Or they might add new elements. IIRC the final puzzle in Wheel Of Fortune used to not give you any letters at the start, you would guess 5 consonants and 1 vowel. Then everybody figured out your best bet was to guess R S T L N E. So Wheel started just giving you those, having you guess other letters.

It kind of surprised me that there were so many where no strategy was superior to just guessing. I assume that means they're well-designed.

The show is about contestants winning wild prizes. It's watched by people who think a minivan is a wild prize. Why do you think they want fewer wins? A win % of 50 or 70% like described for some of the games in tfa is not too easy in the eyes of television viewers.


I agree. But if a simple strategy gets well-known for some of the games, and everybody just plays that strategy, that can get kind of boring for viewers. So even if they want a lot of winners (and no doubt they do) they might not want any games to have trivial solutions.
 
2013-11-13 12:15:03 PM  

dittybopper: Carousel Beast: dittybopper: Heh.

Remember "Deal or No Deal"?  I pretty much figured out the winning strategy for that one after watching it the first time.

First, you take the average of all the prizes.  You total up all the available money in the cases at the beginning, and then divide by the number of cases.  This is your expected average amount of winnings.

Then, when the "banker" offers you more than the average (which as I recall was around $130,000), you take the offer.  Except for those with exceedingly bad luck, most contestants received offers that at or above the average expected payout at some point.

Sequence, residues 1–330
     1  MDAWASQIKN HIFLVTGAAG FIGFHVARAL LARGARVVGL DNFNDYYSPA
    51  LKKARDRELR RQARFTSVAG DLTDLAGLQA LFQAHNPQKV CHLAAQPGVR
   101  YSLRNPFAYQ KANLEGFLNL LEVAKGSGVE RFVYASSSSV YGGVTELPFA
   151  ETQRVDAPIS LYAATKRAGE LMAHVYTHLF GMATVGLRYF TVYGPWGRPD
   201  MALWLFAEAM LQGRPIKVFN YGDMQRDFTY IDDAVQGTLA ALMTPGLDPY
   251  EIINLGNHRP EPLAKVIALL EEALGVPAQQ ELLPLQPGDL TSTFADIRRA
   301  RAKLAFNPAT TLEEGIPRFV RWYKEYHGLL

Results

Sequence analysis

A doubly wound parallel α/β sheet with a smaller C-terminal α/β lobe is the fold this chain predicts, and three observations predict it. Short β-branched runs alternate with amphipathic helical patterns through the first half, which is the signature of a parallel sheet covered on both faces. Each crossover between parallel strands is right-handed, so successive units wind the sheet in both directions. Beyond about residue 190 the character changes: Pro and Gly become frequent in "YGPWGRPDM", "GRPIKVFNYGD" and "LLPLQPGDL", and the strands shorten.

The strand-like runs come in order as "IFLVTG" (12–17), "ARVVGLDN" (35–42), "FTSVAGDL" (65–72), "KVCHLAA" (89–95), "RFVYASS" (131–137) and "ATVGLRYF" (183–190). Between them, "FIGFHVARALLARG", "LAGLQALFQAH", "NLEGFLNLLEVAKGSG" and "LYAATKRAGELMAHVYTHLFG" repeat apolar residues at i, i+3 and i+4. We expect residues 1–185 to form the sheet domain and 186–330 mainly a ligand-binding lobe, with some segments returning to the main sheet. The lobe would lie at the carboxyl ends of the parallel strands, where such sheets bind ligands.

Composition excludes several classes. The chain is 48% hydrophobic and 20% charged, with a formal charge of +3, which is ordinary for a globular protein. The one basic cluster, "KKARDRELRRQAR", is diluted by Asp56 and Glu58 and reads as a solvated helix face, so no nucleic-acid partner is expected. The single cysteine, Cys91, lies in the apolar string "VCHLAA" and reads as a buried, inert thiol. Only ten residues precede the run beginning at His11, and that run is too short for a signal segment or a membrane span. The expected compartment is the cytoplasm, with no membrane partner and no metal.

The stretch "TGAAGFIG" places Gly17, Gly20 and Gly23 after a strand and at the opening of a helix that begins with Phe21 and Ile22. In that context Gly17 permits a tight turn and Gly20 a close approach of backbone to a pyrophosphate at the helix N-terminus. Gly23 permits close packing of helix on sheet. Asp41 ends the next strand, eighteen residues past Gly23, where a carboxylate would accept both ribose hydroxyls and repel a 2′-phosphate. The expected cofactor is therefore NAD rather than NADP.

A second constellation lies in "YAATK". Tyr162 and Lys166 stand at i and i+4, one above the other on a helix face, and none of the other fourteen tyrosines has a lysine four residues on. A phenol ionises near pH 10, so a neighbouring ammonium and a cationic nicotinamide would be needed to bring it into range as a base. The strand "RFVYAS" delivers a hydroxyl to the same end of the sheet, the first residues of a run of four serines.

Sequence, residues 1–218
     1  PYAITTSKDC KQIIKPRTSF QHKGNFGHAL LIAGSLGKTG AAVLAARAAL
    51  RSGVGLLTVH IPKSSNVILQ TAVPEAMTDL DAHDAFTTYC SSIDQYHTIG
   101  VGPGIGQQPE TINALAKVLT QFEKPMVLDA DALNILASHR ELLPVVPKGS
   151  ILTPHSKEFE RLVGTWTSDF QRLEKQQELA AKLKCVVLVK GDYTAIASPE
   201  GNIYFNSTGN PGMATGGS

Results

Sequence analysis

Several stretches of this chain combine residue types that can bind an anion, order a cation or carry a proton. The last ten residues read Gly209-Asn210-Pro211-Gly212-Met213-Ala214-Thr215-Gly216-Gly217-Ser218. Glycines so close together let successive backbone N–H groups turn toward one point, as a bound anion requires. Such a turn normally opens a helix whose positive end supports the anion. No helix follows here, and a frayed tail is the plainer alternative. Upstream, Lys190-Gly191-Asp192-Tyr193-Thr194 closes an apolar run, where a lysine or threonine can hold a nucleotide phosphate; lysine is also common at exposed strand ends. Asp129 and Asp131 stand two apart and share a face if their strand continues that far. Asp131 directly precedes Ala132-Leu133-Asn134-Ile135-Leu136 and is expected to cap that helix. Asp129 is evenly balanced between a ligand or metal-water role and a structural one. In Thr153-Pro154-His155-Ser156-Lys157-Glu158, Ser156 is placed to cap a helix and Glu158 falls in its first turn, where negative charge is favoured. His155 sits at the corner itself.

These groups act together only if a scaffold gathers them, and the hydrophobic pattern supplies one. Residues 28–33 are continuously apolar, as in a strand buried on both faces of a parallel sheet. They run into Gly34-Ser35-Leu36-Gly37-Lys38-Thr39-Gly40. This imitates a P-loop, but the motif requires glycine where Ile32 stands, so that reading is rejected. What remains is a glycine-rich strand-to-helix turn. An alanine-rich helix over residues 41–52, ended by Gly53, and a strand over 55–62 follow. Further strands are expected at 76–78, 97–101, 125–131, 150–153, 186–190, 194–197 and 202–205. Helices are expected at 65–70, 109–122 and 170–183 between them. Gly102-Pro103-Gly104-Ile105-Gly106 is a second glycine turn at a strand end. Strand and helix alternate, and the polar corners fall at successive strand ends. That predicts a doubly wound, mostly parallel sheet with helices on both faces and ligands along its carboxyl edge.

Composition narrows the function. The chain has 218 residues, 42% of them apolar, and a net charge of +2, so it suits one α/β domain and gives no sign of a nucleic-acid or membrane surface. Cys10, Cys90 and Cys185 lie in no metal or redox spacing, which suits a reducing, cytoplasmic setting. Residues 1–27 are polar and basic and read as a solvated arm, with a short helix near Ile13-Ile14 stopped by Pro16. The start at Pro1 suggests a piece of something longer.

Thing is, I have come to believe that game shows actively screen out people who are smart enough to figure this sort of thing out.

The flaw in your presentation is in the bolded part - because any amount is a win. Even $1 is $1 more than the contestant had going in, and your method eliminates automatically eliminates any potential gains greater than the average of the remaining cases.

/differing perspectives :)

OK, let's call mine an "optimizing strategy".


I'd optimize it further. If $130,000ish is your "target" offer to take, that will be shifted by the amounts available in the remaining cases. While you go in planning to take any offer in that range, if you manage to knock out many of the lower value cases, you may reset your expectations higher. Likewise, if you knock out the high value cases you may wish to be willing to walk away with $50,000 (since that's more than you came in with and is a significant boost to most bank accounts).

If things pretty much average out (knocking out both high and low value) then you stick with the original plan. But otherwise one might wish to readjust based on how the initial moves come down. Sure, better to walk with a given $130K than ending up with no more than airfare home. But if the high dollar cases drive up those offers you might as well see how it goes.